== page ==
My childhood memories include long summer days playing outside, laying on my back to watch the clouds float by, and making wishes on shooting stars. A child of the eighties, my brothers and I were often sent outside in the morning and told to come home for lunch. I was the last generation to spend my younger years without the presence of cell phones, tablets, and the internet.
When I was twelve my family sent me to an overnight camp, it wasn’t the first camp I had been to, but it was the first that felt like home. I remember the long drive, the curiosity, and the nerves. I had a hard time standing still while my parents checked me in, and a counselor asked me if I had any questions. I stood a little taller when the staff shook my hand, and introduced themselves to me.
I can no longer pull out the details of that week at camp, but I remember the confidence I felt as I waved goodbye to my parents. I remember the feeling of belonging throughout that week. I remember making new friends, and connecting with staff members that inspired me. And, of course, the overwhelming sadness when I first experienced missing camp at the end of the summer.
I had no idea at the time how much that summer was going to change my life. I spent my school year missing camp, counting down the days, and planning for when I would finally get to head back to camp. It was the place where I felt most comfortable, the place where I felt the most me. When I was a senior in high school I knew I could apply to be on staff for the first time, my Dad drove me four hours one-way for my 20 minute interview, and I spent the next weeks replaying those twenty minutes in my head, anxiously awaiting any news of my future employment. I accepted the job the moment it was offered.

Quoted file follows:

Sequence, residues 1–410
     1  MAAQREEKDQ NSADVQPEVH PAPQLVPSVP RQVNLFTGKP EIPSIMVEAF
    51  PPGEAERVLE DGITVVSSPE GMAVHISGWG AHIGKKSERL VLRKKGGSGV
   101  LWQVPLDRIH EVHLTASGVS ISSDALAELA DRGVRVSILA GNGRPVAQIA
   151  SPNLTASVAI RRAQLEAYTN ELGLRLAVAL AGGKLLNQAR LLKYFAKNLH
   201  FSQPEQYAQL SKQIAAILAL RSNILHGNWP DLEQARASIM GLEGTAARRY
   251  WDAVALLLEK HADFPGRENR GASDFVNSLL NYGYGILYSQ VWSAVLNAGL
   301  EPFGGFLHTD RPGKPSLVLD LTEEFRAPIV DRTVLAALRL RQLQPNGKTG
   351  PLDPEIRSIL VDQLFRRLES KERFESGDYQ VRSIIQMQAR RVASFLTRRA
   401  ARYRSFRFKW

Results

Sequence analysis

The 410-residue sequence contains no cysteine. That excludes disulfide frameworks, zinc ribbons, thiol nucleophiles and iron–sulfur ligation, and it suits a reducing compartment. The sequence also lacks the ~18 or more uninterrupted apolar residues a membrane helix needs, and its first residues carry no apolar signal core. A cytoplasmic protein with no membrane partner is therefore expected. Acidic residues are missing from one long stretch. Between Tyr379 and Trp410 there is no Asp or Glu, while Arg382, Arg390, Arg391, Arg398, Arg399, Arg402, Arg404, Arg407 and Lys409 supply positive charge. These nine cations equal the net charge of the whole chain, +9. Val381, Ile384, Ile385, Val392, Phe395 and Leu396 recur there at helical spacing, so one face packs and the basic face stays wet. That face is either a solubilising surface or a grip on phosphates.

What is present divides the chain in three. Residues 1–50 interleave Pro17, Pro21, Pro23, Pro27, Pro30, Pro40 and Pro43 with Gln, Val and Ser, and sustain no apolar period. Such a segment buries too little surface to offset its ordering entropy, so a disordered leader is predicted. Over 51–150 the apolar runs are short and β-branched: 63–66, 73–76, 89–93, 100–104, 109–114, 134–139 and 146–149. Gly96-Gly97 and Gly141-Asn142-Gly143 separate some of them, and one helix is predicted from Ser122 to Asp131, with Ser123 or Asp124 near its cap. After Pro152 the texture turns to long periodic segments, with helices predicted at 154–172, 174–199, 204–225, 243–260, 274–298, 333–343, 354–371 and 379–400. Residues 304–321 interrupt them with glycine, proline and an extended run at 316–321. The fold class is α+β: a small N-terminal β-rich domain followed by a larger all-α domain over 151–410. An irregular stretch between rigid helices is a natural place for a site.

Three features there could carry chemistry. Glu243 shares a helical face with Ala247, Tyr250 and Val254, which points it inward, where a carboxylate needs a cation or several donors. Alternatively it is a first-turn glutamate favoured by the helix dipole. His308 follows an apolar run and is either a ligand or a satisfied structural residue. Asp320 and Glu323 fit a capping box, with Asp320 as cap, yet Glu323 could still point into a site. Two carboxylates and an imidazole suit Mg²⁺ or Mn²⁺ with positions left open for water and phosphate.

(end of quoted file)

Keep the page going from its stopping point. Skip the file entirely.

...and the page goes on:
Since then I’ve worked at numerous summer camps and environmental education camps in New York and California, and even started my own Forest School in Wisconsin. I met my husband at a camp, and we got married at a different camp. We’re raising our children at camp. My heart is at camp, it has been since I was twelve.
I believe in the magic of camp, that it’s a safe place for kids to try new things, challenge themselves, and make new friends. I believe that it’s one of the only safe places left where kids are free to be their truest selves, without the distraction of technology, or the pressure of school. We invite kids to be kids, and as a parent of (current and future) campers, that is something that I have dedicated my life to preserving.
I now get to watch my own three children grow up at camp. They thrive in an environment where they are surrounded by positive role models, where they are pushed to try new things, and where their imagination, creativity, and problem solving skills are constantly engaged. As my oldest prepares for his first official summer as a camper, I now get to take on a role I’ve always looked forward to, that of a camper’s mom.
Thanks Mom & Dad, for sending me to camp and starting my lifetime of adventure. That week at camp so long ago, has brought me to Triple C Camp today, where I can continue to share my love of camp, child development, and the outdoors.